Metoprolol (Dosage)

Metoprolol is a cardioselective β-blocker drug that acts on β1-adrenergic receptors of the heart. It has no membrane stabilizing effect neither intrinsic sympathomimetic activity.



Metaprolol is contraindicated in patients with 2nd and 3rd degree atrioventricular blockade, decompensated heart failure patients (pulmonary edema, hypoperfusion or hypotension), patients in continuous or intermittent inotropic treatment that acts by antagonism with ß-adrenergic receptors; sinus bradycardia; sick sinus syndrome, cardiogenic shock, severe peripheral arterial disorder, myocardial infarction with heart rate <45 ppm, a heart rate PQ> 0.24 seconds or systolic pressure <100 mm Hg.


Cautions should be exercised in patients with severe hepatic insufficiency, asthma, heart failure, pheochromocytoma (where metoprolol should be administered together with an alpha-blocker).

It may aggravate the symptoms of peripheral arterial circulatory disorders and rarely aggravate pre-existing atrioventricular conduction disorders of moderate degree. If there is aggravation of bradycardia, administer lower doses of metoprolol or interrupt treatment gradually.

Risk of coronary events during β-blocker withdrawal, so cardiac monitoring is required.


Bradycardia, postural hypotension, hands and feet coldness, palpitations, fatigue, headaches, nausea, abdominal pain, diarrhea, constipation and dyspnea on exertion.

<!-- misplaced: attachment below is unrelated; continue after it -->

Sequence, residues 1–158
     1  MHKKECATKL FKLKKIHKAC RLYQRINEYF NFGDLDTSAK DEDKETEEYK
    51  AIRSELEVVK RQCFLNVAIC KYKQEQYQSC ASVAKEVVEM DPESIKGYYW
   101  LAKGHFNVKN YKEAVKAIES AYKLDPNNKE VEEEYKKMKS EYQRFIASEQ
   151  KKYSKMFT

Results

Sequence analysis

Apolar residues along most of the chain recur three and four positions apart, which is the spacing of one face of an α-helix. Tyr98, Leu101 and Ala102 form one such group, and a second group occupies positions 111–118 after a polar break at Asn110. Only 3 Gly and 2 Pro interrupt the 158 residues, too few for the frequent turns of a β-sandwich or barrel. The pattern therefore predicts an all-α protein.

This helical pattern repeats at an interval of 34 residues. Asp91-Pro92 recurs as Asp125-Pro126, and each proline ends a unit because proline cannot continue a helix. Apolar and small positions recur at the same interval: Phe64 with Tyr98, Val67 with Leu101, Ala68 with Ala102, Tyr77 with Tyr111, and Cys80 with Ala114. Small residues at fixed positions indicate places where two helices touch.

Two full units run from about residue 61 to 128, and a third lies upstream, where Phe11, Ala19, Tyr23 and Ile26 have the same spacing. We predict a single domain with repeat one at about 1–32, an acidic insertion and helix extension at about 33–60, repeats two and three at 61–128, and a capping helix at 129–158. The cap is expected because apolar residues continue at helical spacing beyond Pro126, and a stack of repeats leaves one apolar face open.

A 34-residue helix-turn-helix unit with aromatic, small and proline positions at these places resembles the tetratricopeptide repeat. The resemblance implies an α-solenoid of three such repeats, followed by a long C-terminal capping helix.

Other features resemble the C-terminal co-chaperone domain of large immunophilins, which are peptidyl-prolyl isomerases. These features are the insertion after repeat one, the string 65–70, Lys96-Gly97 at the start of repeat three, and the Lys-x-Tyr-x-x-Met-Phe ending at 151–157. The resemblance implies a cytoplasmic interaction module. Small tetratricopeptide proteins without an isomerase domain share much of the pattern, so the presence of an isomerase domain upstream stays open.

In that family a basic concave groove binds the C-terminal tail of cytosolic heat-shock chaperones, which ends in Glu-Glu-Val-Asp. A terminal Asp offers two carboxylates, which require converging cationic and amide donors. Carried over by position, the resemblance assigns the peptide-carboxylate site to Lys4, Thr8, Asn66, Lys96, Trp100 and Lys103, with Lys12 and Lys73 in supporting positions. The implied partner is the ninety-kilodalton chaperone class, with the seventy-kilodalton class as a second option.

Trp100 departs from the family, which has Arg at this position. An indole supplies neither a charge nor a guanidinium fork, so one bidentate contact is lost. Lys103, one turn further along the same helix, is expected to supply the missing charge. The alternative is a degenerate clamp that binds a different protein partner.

In association with clonidine if it is necessary to discontinue treatment, first interrupt the β-blocker several days before.

Metoprolol potentiates the negative inotropic and negative dromotropic effect of quinidine and amiodarone.

Cardiopressor effect increased with inhaled anesthetics.

The plasma concentration of metoprolol is diminished by the concomitant treatment with rifampicin.

The plasma concentration of metoprolol can be increased by concomitant treatment with cimetidine.

The effect of metoprolol is reduced by indomethacin.

Metoprolol modifies the glucose concentration in diabetics treated with hypoglycemic agents.

Metoprolol increases the toxicity of lidocaine.


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